For the lower body, you can do squats in a single leg or assist yourself a little with the hands, depending on how strong your legs are. Perhaps, even Bulgarian Splits can work if you struggle with 6 correct reps.

I also want to specify that fast reps typically help you increase in overall strength. I like being more dynamic in my training every time, and that’s why I prefer doing fast reps than slow reps. It also adds to my total work volume. For hypertrophy, of course, both methods are essential. Still, regarding the dynamic strength and the fun factor, too, fast reps win the ground.

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The mighty One-Arm Pull-Up unquestionably stands amongst the hardest strength exercises . I never explicitly trained to achieve this magnificent strength feat and yet unlocked it as a byproduct of my basic bodyweight training. Boosting only one repetition required years of consistent training . I am thrilled with the result. It's proof that my training program works even though gaining a colossal level of strength isn't my general focus. Health and general athleticism is my primary goal, and ever will. I care more about complexity and variety rather than mastering impressive feats . I will continue to work the one-arm pull-ups indirectly, till it becomes smooth and easy . . . . . . . . #onearmpullup #onearmchinup #onearmchinups #onearmchinuptraining #onearmpulluptraining #onearmpullupprogression #strengthtraining #strengthandconditioning #strongman #strong #pullups #heavypull #strengthfeat #calisthenics #streetworkout #pullupsprogression

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Modifying The Exercises

Now let’s go back to gain maximum power. I mentioned so far the sprints and the training mechanisms for it. But you may need some examples and how you can modify your exercises. For instance, pistols are great to use for strength gains if they are hard enough. Still, once they become comfortable, they require some modification. So I’d choose some explosive one leg squats. Stay on a box, higher ground, and allow the other leg space for free movement and more balance. You are going to use it for coordination a lot.

Or you can alternate your legs, but what matters is to powerfully squat and have it leave the ground when you are on top, some sort of a jump or kick. That extra range of motion and explosion and because it’s more dynamic will produce twice as much force. Another great example is to do stair jumps in a single leg.

For the upper-body, I need one-arm chinups and even negative one-arm chinups if I want to enhance my power furthermore. Once you get more advanced and master calisthenics, it’s a question of whether you want to build more power or just stay like that and maintain. You can perhaps integrate pull-ups variations where you focus more on a single hand and assist with the other.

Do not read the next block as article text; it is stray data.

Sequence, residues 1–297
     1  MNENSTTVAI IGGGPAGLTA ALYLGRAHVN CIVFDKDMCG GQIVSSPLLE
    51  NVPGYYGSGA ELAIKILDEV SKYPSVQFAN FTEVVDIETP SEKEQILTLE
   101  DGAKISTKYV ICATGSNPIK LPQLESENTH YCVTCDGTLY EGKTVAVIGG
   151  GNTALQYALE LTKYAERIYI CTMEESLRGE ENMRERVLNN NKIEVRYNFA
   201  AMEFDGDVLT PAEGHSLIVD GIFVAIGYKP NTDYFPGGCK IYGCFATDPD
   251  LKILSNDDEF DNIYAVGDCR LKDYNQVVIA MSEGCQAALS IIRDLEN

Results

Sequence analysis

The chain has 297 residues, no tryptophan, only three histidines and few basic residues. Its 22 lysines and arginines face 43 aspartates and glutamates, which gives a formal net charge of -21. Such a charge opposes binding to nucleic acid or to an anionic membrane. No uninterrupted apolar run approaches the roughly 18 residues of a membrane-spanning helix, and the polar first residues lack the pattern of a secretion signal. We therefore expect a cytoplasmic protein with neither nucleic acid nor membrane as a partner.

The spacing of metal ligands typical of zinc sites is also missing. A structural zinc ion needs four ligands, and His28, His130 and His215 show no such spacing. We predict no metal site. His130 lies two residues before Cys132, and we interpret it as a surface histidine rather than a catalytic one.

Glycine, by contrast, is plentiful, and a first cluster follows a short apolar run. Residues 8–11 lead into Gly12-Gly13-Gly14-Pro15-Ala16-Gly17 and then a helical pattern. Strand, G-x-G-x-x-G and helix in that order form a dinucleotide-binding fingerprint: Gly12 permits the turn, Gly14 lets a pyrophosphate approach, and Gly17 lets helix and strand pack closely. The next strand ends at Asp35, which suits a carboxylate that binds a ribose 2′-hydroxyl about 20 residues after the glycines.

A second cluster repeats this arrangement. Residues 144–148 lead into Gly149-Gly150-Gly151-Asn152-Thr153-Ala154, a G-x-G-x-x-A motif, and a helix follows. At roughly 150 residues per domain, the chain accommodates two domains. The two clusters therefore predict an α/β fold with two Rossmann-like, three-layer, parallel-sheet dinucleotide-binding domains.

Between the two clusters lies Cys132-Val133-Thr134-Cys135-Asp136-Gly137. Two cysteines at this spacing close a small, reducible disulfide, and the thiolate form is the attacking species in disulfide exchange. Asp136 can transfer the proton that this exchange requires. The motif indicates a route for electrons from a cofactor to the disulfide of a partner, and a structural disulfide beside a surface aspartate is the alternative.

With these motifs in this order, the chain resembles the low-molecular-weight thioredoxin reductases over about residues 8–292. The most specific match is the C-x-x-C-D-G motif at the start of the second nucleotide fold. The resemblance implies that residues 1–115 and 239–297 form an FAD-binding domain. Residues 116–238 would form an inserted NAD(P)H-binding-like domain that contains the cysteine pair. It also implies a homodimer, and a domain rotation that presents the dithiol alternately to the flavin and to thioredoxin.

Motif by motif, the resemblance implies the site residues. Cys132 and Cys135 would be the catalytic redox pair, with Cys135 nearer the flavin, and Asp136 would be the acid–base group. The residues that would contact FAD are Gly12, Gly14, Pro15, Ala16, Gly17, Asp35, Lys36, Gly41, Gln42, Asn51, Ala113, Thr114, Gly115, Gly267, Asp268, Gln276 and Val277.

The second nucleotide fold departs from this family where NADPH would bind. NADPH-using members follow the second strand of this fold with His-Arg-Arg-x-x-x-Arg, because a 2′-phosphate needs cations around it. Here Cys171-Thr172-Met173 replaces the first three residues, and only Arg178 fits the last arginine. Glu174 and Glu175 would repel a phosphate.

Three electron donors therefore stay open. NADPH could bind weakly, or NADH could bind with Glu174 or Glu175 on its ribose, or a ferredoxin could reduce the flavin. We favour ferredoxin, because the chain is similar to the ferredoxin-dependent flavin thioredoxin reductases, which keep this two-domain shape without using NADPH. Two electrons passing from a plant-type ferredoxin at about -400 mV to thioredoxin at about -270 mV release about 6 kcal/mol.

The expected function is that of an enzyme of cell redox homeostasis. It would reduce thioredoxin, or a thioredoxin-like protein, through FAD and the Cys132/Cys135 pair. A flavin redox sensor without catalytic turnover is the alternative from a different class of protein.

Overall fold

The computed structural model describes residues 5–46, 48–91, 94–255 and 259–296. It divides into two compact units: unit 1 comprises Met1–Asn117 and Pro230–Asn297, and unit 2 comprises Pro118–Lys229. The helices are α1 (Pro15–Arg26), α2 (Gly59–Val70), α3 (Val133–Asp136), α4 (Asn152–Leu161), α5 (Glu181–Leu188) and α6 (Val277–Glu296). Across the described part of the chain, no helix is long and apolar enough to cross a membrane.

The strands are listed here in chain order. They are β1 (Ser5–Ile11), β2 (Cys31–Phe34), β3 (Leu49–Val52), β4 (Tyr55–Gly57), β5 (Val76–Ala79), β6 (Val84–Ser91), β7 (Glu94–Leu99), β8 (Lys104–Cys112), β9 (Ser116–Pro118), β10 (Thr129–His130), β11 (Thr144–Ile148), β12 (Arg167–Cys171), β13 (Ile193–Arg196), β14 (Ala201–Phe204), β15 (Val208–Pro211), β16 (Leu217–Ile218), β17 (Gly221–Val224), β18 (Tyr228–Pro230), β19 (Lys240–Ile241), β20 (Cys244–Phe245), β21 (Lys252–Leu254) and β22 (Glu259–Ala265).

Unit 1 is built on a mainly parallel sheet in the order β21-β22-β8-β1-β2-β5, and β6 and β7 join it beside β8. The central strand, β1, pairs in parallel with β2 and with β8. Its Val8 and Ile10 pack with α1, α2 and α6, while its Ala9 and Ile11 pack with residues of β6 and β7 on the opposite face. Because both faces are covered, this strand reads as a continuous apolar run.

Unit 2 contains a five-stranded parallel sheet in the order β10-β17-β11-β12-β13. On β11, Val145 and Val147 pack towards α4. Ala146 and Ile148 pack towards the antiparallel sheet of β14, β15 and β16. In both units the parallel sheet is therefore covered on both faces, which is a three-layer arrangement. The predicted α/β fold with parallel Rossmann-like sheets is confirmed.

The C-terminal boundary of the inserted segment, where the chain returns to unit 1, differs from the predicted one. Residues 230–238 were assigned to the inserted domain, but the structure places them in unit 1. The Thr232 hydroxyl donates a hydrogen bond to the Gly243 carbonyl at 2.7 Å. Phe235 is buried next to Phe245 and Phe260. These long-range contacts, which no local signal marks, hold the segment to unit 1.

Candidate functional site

Also, focusing a lot more on dynamic and maximal strength exercises will increase your power as well to a certain extent.

Tips To Increase Maximal Strength and Power with Calisthenics

Tips for Maximum Strength and Power in Calisthenics

A few advantages of power and strength training is that they also build muscle size if you do volume with them. Nonetheless, you need a lot of sets even to get stronger or powerful, not only for hypertrophy. So anyone who is a firm believer in 2 working sets, Convict Conditioning style, can as well close the video right now and go chase ghosts like Paul Wade. My explanations are for those who seek the real stuff, so:

  1. Pick a few variations for the same movement pattern, like 2-4 in the same workout. It depends on how many variations you want to train.
  2. Do over 4 sets for each variation, but I suggest even 10 sets if that exercise is meant to work your power or/and maximal strength. For instance, I always do in my sprint sessions more than 10.
  3. Keep reps to a minimum, but because we are talking of hard exercises, you can’t do more than a few reps nonetheless. You compensate with a higher working set range.
  4. Expand pause from set to set, and mind that this is crucial. Your nervous system will fry rapidly if the break is short. That works for training the muscles, but not here. So anything between 3 minutes and even 5 minutes, from set to set, should be okay. It depends a lot on how fast you recover or how cold it is outside and if you lose the warmth of your body and muscles.
  5. Keep your muscles fresh, that’s why the pause is essential to be larger here.
  6. Execute always with a perfect form and in a full range of motion.
  7. You can add exercises for power and modify the following for strength. But always begin your workout with power exercises, or other said, from hard variations to easier.
  8. The strength gradually drops from a set to another, so the second or third exercise that is typically easier at the beginning can now be more challenging. Maybe at that point, you need another variation that can meet your parameters.
  9. I said that working exclusively for power and strength builds size, but not necessarily a very Jacked physique.
  10. Also, strength is a skill, and it needs constant practice. Challenge your nervous system quite often. So train almost every day if gaining strength and power is fundamentally essential, and you also may need to be time-efficient. This depends a lot on how well you recover, that’s why, if you keep your muscles fresh and stay warm, then you might get another chance on the following day to hit the same exercises or muscles.
  11. Don’t get stuck with perfect programming. If you held a training journal and kept track of your performance, then don’t expect progress to increase linearly. At some point, you’ll need a few days off and do entirely something else. Don’t forget that it’s easy to get bored and meet plateaus when you continuously do the same routine all over again.

So it’s always important to spot these details and pay attention to your training goals every week.

If getting strong is what you care only, then following my principles here will bring you real results in the following months. For those who have my calisthenics program, you can adapt the workouts easily to this training mechanism. Just modify a bit of the exercise and change the break time, sets and rep intervals, and so on. But I also offered routines already efficient for strength and power. Focus on those as well! Therefore, use it smartly.